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This article is about the State of Alaska. Alaska_sentence_0

For other uses, see Alaska (disambiguation). Alaska_sentence_1

"Alaskan" redirects here. Alaska_sentence_2

For other uses, see Alaskan (disambiguation). Alaska_sentence_3



Alax̂sxax̂  (Aleut) Alaasikaq  (Inupiaq) Anáaski  (Tlingit) Alas'kaaq  (Pacific Gulf Yupik)Alaska_header_cell_0_0_0

CountryAlaska_header_cell_0_1_0 United StatesAlaska_cell_0_1_1
Before statehoodAlaska_header_cell_0_2_0 Territory of AlaskaAlaska_cell_0_2_1
Admitted to the UnionAlaska_header_cell_0_3_0 January 3, 1959 (49th)Alaska_cell_0_3_1
CapitalAlaska_header_cell_0_4_0 JuneauAlaska_cell_0_4_1
Largest cityAlaska_header_cell_0_5_0 AnchorageAlaska_cell_0_5_1
Largest metroAlaska_header_cell_0_6_0 Anchorage metropolitan areaAlaska_cell_0_6_1
GovernorAlaska_header_cell_0_8_0 Mike Dunleavy (R)Alaska_cell_0_8_1
Lieutenant GovernorAlaska_header_cell_0_9_0 Kevin Meyer (R)Alaska_cell_0_9_1
LegislatureAlaska_header_cell_0_10_0 Alaska LegislatureAlaska_cell_0_10_1
Upper houseAlaska_header_cell_0_11_0 SenateAlaska_cell_0_11_1
Lower houseAlaska_header_cell_0_12_0 House of RepresentativesAlaska_cell_0_12_1
JudiciaryAlaska_header_cell_0_13_0 Alaska Supreme CourtAlaska_cell_0_13_1
U.S. senatorsAlaska_header_cell_0_14_0 Alaska_cell_0_14_1
U.S. House delegationAlaska_header_cell_0_15_0 Don Young (R) (at-large) (list)Alaska_cell_0_15_1
TotalAlaska_header_cell_0_17_0 663,268 sq mi (1,717,856 km)Alaska_cell_0_17_1
LandAlaska_header_cell_0_18_0 571,951 sq mi (1,481,346 km)Alaska_cell_0_18_1
WaterAlaska_header_cell_0_19_0 91,316 sq mi (236,507 km)  13.77%Alaska_cell_0_19_1
Area rankAlaska_header_cell_0_20_0 1stAlaska_cell_0_20_1
LengthAlaska_header_cell_0_22_0 1,420 mi (2,285 km)Alaska_cell_0_22_1
WidthAlaska_header_cell_0_23_0 2,261 mi (3,639 km)Alaska_cell_0_23_1
ElevationAlaska_header_cell_0_24_0 1,900 ft (580 m)Alaska_cell_0_24_1
Highest elevation (Denali)Alaska_header_cell_0_25_0 20,310 ft (6,190.5 m)Alaska_cell_0_25_1
Lowest elevationAlaska_header_cell_0_26_0 0 ft (0 m)Alaska_cell_0_26_1
TotalAlaska_header_cell_0_28_0 710,249Alaska_cell_0_28_1
RankAlaska_header_cell_0_29_0 48thAlaska_cell_0_29_1
DensityAlaska_header_cell_0_30_0 1.26/sq mi (0.49/km)Alaska_cell_0_30_1
Density rankAlaska_header_cell_0_31_0 50thAlaska_cell_0_31_1
Median household incomeAlaska_header_cell_0_32_0 $73,181Alaska_cell_0_32_1
Income rankAlaska_header_cell_0_33_0 8thAlaska_cell_0_33_1
Demonym(s)Alaska_header_cell_0_34_0 AlaskanAlaska_cell_0_34_1
Official languagesAlaska_header_cell_0_36_0 Ahtna, Alutiiq, Dena'ina, Deg Xinag, English, Eyak, Gwich'in, Haida, Hän, Holikachuk, Inupiaq, Koyukon, Lower Tanana, St. Lawrence Island Yupik, Tanacross, Tlingit, Tsimshian, Unangax̂, Upper Kuskokwim, Upper Tanana, Yup'ikAlaska_cell_0_36_1
Spoken languageAlaska_header_cell_0_37_0 Alaska_cell_0_37_1
Time zonesAlaska_header_cell_0_38_0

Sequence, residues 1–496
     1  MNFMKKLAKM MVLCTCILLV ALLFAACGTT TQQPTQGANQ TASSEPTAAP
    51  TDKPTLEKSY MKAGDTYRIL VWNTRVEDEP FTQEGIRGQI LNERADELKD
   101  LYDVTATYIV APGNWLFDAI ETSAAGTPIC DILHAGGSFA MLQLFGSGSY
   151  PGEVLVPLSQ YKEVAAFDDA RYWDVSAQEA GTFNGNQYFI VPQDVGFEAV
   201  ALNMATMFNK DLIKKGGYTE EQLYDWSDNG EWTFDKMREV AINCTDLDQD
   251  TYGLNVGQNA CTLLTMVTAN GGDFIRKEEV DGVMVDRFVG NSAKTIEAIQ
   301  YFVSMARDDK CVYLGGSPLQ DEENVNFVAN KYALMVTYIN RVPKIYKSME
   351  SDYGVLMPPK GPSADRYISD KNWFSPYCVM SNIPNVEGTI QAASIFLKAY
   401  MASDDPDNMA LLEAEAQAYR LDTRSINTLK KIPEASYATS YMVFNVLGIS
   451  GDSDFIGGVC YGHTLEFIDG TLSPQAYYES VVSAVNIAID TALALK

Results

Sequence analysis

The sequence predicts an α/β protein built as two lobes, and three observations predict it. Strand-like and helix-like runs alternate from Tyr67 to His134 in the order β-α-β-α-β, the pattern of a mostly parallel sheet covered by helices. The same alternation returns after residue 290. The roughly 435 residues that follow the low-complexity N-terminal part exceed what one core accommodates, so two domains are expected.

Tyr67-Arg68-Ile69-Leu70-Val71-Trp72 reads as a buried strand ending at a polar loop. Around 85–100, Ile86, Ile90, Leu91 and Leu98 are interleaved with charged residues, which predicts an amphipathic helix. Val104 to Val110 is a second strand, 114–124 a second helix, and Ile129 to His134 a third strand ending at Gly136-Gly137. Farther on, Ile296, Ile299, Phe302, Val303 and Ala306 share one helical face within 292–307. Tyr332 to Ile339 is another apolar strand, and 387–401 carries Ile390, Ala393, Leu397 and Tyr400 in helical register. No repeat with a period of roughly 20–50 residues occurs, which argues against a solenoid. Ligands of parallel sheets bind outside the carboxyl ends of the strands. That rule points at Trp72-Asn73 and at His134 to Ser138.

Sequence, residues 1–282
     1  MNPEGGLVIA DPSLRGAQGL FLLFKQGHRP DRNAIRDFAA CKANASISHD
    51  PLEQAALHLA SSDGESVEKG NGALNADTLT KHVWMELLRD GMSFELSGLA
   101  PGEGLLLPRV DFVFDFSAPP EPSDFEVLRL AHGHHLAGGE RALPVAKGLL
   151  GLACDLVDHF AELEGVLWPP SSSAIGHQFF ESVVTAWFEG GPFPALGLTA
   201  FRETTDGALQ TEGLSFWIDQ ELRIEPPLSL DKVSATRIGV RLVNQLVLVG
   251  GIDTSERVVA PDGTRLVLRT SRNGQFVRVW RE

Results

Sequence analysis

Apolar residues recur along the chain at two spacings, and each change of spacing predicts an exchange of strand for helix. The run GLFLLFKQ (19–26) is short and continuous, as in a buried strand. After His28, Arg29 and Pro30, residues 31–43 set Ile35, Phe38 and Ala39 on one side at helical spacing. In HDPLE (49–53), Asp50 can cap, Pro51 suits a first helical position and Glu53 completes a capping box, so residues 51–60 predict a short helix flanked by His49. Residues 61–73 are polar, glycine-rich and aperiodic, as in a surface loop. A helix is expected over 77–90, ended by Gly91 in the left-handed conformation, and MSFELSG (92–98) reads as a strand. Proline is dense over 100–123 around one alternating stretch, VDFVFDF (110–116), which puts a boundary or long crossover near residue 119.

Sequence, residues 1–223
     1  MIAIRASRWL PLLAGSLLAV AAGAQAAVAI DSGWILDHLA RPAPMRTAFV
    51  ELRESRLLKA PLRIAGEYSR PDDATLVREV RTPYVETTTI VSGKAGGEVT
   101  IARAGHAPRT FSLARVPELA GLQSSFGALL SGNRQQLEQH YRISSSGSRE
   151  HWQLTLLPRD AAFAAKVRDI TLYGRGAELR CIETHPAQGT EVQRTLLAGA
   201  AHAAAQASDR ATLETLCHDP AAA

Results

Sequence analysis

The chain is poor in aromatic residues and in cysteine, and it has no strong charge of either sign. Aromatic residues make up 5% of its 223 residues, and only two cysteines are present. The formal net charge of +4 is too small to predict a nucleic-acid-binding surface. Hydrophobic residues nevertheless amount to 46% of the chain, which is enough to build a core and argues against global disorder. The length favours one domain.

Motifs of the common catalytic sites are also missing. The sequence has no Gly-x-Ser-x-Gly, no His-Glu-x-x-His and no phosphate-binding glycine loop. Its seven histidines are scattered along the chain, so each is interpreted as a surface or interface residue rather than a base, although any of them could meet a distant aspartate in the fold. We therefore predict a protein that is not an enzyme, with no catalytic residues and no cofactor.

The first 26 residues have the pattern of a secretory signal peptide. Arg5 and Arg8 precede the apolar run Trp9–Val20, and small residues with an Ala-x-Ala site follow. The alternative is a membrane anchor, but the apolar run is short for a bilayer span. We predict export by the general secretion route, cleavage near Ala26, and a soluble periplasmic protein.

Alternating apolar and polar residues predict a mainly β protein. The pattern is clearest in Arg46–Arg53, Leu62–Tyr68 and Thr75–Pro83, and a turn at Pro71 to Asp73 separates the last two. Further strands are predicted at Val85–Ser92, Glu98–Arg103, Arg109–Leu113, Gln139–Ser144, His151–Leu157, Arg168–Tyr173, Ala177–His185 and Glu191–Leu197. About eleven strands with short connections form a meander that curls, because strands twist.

east of 169°30'Alaska_header_cell_0_39_0 UTC−09:00 (Alaska)Alaska_cell_0_39_1
Summer (DST)Alaska_header_cell_0_40_0 UTC−08:00 (ADT)Alaska_cell_0_40_1
west of 169°30'Alaska_header_cell_0_41_0 UTC−10:00 (Hawaii-Aleutian)Alaska_cell_0_41_1
Summer (DST)Alaska_header_cell_0_42_0 UTC−09:00 (HADT)Alaska_cell_0_42_1
USPS abbreviationAlaska_header_cell_0_43_0 AKAlaska_cell_0_43_1
ISO 3166 codeAlaska_header_cell_0_44_0 US-AKAlaska_cell_0_44_1
LatitudeAlaska_header_cell_0_45_0 51°20'N to 71°50'NAlaska_cell_0_45_1
LongitudeAlaska_header_cell_0_46_0 130°W to 172°EAlaska_cell_0_46_1
WebsiteAlaska_header_cell_0_47_0 Alaska_cell_0_47_1


Alaska state symbolsAlaska_header_cell_1_0_0
Living insigniaAlaska_header_cell_1_1_0
BirdAlaska_header_cell_1_2_0 Willow ptarmiganAlaska_cell_1_2_1
Dog breedAlaska_header_cell_1_3_0 Alaskan MalamuteAlaska_cell_1_3_1
FishAlaska_header_cell_1_4_0 King salmonAlaska_cell_1_4_1
FlowerAlaska_header_cell_1_5_0 Forget-me-notAlaska_cell_1_5_1
InsectAlaska_header_cell_1_6_0 Four-spot skimmer dragonflyAlaska_cell_1_6_1
MammalAlaska_header_cell_1_7_0 Alaska_cell_1_7_1
TreeAlaska_header_cell_1_8_0 Sitka SpruceAlaska_cell_1_8_1
Inanimate insigniaAlaska_header_cell_1_9_0
FossilAlaska_header_cell_1_10_0 Woolly MammothAlaska_cell_1_10_1
GemstoneAlaska_header_cell_1_11_0 JadeAlaska_cell_1_11_1
MineralAlaska_header_cell_1_12_0 GoldAlaska_cell_1_12_1
OtherAlaska_header_cell_1_13_0 Dog mushing (state sport)Alaska_cell_1_13_1
State route markerAlaska_header_cell_1_14_0
State quarterAlaska_header_cell_1_15_0

Alaska (/əˈlæskə/ (listen); Aleut: Alax̂sxax̂; Inupiaq: Alaasikaq; Pacific Gulf Yupik: Alas'kaaq; Tlingit: Anáaski; Russian: Аля́ска, romanized: Alyáska) is a U.S. Alaska_sentence_4 state on the northwest extremity of the country's West Coast, just across the Bering Strait from Asia. Alaska_sentence_5

An exclave of the U.S., it borders the Canadian province of British Columbia and territory of Yukon to the east and southeast and has a maritime border with Russia's Chukotka Autonomous Okrug to the west. Alaska_sentence_6

To the north are the Chukchi and Beaufort seas of the Arctic Ocean, while the Pacific Ocean lies to the south and southwest. Alaska_sentence_7

Alaska is by far the largest U.S. state by area, comprising more total area than the next three largest states Texas, California, and Montana combined, and the seventh-largest subnational division in the world. Alaska_sentence_8